This paper explores the relationship of the Ming founder to the previous dynasty through some statements attributed to him. These show how his ambivalent attitude is a sign of a clear political strategy and not, as one might superficially imagine, a diversity of views due to specific situations. On the one hand, the Yuan rulers – and in particular  the founder of the dynasty Qubilai – are openly praised for their strong government, which overcame the rotten and decadent Song dynasty, adding to the Chinese moral principles with foreign customs. On the other hand, ethnic differences and culture are highlighted in order to emphasize the superiority of indigenous tradition of the Middle Kingdom. This apparent contradiction is functional to the legitimation of the Ming Dynasty: never questioning the correctness of Yuan succession to the Song, it provides a solid ideological foundation on which to build the reign: taking advantage of previous experience and using in fact many institutions of the Mongols. Beyond the comfortable façade of the return to the Han tradition, Ming Taizu expresses openly in words and deeds how profound the influence of the Mongol conquerors was.

Hodous, Florence: Anthropology and history in the study of Mongol law

While it is known that Mongol rule in China led to changes in Chinese law which even influenced subsequent dynasties, in order to appreciate the full breadth and depth of Mongol influence it is necessary to first understand the nature of Mongol law. Several scholars have called in recent years for a re-evaluation of the view of Mongol law based on the law code “Great Yasa,” and emphasized the need for new approaches.

In fact, only an interdisciplinary perspective can provide the needed insights into the nature and salient characteristics of Mongol law which influenced the Yuan dynasty. That Mongol law cannot be encapsulated in a law code was shown by legal anthropologists who studied the vengeance system which played such a large role in Chinggis Khan’s rise to power, and which also influenced Yuan China. In addition it is necessary to look beyond substantive law at procedural law: the principle of collegiality, the importance of which was noted by a political anthropologist, also played a significant role in Yuan China. These insights provide us with a new, compelling view of Mongol law based on practice rather than ideology.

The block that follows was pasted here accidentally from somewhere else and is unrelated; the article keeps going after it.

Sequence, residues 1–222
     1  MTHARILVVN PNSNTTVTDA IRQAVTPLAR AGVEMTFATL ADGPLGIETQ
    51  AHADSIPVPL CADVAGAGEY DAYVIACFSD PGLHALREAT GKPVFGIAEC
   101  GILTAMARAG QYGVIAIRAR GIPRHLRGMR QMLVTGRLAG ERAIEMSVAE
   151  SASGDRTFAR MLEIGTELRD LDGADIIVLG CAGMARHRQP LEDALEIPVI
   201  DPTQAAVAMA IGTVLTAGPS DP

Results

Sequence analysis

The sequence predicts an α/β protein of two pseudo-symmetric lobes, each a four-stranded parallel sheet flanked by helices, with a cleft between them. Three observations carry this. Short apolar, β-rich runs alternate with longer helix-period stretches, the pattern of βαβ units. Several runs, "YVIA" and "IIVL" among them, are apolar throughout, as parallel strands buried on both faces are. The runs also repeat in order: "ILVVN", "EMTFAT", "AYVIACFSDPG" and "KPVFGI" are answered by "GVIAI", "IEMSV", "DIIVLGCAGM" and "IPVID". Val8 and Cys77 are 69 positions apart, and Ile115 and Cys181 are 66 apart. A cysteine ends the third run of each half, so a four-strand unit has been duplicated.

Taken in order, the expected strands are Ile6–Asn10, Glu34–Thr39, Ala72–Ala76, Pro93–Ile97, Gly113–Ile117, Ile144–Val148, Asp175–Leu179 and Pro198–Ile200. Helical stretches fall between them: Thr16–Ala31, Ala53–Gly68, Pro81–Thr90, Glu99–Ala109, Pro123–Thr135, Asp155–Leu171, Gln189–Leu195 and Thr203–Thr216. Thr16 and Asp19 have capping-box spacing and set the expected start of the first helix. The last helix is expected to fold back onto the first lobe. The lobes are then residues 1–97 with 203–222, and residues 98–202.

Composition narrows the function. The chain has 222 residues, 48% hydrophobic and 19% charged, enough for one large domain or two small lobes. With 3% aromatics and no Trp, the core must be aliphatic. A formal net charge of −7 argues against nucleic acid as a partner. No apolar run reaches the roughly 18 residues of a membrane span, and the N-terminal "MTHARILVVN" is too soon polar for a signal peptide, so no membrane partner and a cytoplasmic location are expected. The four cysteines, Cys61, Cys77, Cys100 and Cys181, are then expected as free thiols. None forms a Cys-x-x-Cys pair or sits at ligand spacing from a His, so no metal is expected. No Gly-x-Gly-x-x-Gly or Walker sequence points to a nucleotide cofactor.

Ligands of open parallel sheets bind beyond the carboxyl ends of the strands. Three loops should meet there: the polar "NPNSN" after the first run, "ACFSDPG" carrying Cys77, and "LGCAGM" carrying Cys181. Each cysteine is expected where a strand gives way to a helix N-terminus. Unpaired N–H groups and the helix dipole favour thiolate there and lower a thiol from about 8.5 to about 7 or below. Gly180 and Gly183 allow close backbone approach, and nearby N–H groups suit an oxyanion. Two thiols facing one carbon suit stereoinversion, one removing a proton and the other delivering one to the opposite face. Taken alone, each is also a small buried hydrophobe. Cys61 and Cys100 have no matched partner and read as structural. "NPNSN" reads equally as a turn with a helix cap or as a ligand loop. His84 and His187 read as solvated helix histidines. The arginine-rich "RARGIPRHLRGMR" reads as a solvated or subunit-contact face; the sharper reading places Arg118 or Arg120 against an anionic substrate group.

This re-evaluation of the nature of Mongol law and its influence in China is necessarily linked with new approaches to the sources, a close re-reading of the Secret History of the Mongols, and the utilization of narrative sources to supplement legal sources. In this way history and anthropology together provide a new view of Mongol law in the Yuan dynasty.

Humble, Geoffrey: Mongols, Mandarins and Missing Persons: Tracing Ögödeid Networks in the Yuanshi

This paper will examine questions and problems faced in tracing networks active during the reign of Ögödei Qa’an (r. 1229-41) through biographical material in the Yuanshi (the Chinese-language History of the Yuan Dynasty). This work has attracted a great deal of criticism for errors and omissions, but deserves much more scholarly attention as both a major source on the Mongol empire and an attempt to record a multi-ethnic polity using the tools of Chinese court historiography.

Ninety-two of the nine hundred primary subjects recorded in the liezhuan of the Yuanshi are linked to Ögödei’s reign, as are a number of secondary subjects – ancestors of individuals active under later reigns. Close reading of these combined sources reveals patterns of interactions among the imperial elite, and these links can be mapped in different ways to present different framings of the human and political landscape around the Ögödeid court. These include giving selective prominence to direct imperial patronage, marriage ties, clan affiliation and ethnonyms, the civil/military divide, etc.

This mapping is complicated by issues around the subsequent shift of power in the empire to the Toluid house, textual transmission via Chinese, and the haste in which the work was assembled. Drawing out these links nonetheless exposes patterns of inclusion and exclusion, offering glimpses into the processes involved in recording the early empire, and as such has implications for historians’ approaches to imperial Mongol historiography.